One of the other dances that took place to honor la Reina Huipil 2013 was la Danza de los Quetzales. This dance comprised of fifty-two songs is the most representative of Cuetzalan. The dancers perform in two separate lines. The caporal for this dance performs in the middle as he goes from one cardinal point to the other. This is a majestic dance full of color as the dancers wear huge, colorful penachos (head pieces) with the quetzal bird placed in the center of the head piece.

In total there were seven groups performing at once after the coronation ceremonies had ended. There were two Danza de los Quetzales performing, Los Voladores, La Danza de los Santiagos, La Danza de los Negritos and another group where the men dressed in charro clothing and the one female dancer dressed in the style of the China Poblana. This last group carried a huge papier-mache bull with them while they performed. Overall, it was a joyous and lively occasion to witness all these activities going on at once!

Cuetzalan is also known for its back strap weaving. The indigenous women in the village wear a lightweight quechquémitl (a cape like shoulder garment from the pre-conquest era) in either white cotton or synthetic fabric that is woven on a back strap loom. Underneath it is a square neck, capped sleeved cotton blouse with woven designs of animals around the neckline. The traje is completed with a full white cotton skirt that is held up with a cinturon (belt). I saw girls; younger, middle aged and older women dress in this style. The indigenous traje for the men was a white long sleeved cotton shirt and pants with interesting wrap around leather laces on their sandals. While I was there I went to Taller Mazatzin founded by Pedro Martín Concepción in the village of Cuautmazaco just outside of Cuetzalan. Pedro’s grandfather was also a weaver. Pedro wanted to encourage men to weave as well as women and there are fifteen men and fifteen women in his taller. His taller uses linen, silk and one hundred percent cotton for their weavings. His taller is preserving the Nahua, Otomí and Totonaca roots. He has researched the iconography for the traditional quechquémitl and has been awarded several national awards by FONART. He also works with Lydia Lavin for her contemporary line of fashion in Mexico.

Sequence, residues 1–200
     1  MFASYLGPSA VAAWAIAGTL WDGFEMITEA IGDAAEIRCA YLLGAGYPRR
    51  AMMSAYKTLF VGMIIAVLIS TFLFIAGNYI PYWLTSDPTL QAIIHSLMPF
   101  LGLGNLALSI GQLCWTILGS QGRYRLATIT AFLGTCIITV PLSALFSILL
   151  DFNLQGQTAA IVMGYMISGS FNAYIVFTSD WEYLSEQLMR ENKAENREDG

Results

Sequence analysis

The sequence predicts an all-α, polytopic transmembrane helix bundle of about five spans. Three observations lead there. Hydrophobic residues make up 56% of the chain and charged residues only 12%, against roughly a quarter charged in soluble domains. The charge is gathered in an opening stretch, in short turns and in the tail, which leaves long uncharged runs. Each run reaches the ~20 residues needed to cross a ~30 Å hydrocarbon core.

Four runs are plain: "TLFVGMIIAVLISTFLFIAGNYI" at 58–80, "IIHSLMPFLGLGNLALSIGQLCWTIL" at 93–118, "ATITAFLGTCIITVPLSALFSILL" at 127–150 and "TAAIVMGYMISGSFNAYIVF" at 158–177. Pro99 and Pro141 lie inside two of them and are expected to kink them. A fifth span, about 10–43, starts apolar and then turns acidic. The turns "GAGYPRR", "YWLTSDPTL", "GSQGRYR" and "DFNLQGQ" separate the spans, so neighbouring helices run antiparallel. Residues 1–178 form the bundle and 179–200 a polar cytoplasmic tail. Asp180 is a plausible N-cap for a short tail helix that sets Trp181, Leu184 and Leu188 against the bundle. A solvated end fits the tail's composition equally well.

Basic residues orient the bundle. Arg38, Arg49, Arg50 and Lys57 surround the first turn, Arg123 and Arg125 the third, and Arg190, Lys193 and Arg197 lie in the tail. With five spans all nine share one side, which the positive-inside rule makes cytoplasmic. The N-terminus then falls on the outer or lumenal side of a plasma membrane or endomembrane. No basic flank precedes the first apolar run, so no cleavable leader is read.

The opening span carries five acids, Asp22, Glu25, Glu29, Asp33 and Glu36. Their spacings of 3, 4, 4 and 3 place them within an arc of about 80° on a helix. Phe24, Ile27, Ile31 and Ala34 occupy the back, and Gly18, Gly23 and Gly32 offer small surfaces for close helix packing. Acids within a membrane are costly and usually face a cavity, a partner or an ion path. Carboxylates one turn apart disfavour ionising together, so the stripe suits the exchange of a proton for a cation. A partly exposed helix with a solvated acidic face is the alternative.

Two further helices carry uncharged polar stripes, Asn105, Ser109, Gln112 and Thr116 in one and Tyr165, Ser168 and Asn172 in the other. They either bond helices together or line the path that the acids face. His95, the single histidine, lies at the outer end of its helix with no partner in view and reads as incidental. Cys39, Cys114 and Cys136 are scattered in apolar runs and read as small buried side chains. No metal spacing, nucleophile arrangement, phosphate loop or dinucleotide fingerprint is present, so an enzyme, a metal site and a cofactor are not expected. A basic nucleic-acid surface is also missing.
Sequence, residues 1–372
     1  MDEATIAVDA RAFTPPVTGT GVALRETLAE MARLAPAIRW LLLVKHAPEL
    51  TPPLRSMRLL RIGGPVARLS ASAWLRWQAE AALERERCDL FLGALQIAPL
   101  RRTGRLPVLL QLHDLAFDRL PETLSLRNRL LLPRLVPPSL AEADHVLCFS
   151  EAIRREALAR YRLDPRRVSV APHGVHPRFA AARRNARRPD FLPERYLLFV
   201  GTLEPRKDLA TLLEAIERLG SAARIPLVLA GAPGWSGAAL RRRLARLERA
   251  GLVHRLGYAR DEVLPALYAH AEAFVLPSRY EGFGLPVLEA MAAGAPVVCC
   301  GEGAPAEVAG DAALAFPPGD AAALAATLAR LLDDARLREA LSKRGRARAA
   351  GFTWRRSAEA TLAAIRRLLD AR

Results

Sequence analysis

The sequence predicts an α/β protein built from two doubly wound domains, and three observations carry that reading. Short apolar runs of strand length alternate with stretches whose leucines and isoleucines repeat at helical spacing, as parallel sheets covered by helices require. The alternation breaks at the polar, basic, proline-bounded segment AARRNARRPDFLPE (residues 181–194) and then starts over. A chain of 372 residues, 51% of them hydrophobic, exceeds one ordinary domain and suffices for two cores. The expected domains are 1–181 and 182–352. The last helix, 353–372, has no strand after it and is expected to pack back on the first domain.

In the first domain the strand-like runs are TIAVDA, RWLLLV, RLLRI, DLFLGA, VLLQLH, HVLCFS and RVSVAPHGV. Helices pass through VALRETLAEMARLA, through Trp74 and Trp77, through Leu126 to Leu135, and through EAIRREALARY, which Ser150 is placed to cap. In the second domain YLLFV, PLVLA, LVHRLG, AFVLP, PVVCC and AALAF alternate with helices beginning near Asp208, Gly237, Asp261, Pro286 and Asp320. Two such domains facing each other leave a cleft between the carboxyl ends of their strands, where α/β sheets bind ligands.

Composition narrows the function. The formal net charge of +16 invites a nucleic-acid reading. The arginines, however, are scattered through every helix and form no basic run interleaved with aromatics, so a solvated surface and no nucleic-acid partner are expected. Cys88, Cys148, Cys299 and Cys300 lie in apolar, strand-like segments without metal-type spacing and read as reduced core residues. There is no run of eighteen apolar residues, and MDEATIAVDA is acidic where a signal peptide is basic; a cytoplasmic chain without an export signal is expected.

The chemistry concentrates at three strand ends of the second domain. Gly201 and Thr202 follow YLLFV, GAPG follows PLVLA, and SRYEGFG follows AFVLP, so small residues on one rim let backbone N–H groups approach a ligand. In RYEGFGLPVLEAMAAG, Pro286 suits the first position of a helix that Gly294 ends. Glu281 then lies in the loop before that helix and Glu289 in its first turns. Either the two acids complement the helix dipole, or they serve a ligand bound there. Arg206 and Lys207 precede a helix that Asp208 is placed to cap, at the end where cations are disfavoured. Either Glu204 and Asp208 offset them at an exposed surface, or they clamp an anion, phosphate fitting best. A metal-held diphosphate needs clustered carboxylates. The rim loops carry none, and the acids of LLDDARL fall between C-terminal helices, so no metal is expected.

Another stop made within town was the candle workshop of Doña Eugenia Méndez Nava. This maestra makes the most amazing wax candles I have ever seen in all of my visits to Mexico. They were inside the church as well as being used in the processions. Some of the candles were over six feet tall. Most of them are a huge circular disk with a saint done in relief placed in the middle of the circle. They are elaborately decorated with wax flowers as well. This is the only place in all of Puebla that these candles are made. They were absolutely exquisite.

Not only is Cuetzalan a beautiful place to take in dancing and cultural events one can also visit the Xoxoctic orchid and butterfly botanical garden, waterfalls, caverns and the pre-Columbian pyramids at Yohualichan. I thoroughly enjoyed my visit to this Pueblo Magico.
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Milaura López Vásquez La Reina Huipil 2013
Milaura López Vásquez La Reina Huipil 2013
The Contestants onstage
The Contestants onstage
Young Contestant
Young Contestant
Milaura is announced the winner
Milaura is announced the winner
The Competition
The Competition
Girl in Concurso
Girl in Concurso
Las Reinas del Pasado
Las Reinas del Pasado
Contestant in Concurso
Contestant in Concurso
Los Alcaldes
Los Alcaldes
Placing La Reina's throne on the stage
Placing La Reina's throne on the stage
Alcalde listening to presentation
Alcalde listening to presentation
El Presidente with the Reina Huipil 2013 and 1963
El Presidente with the Reina Huipil 2013 and 1963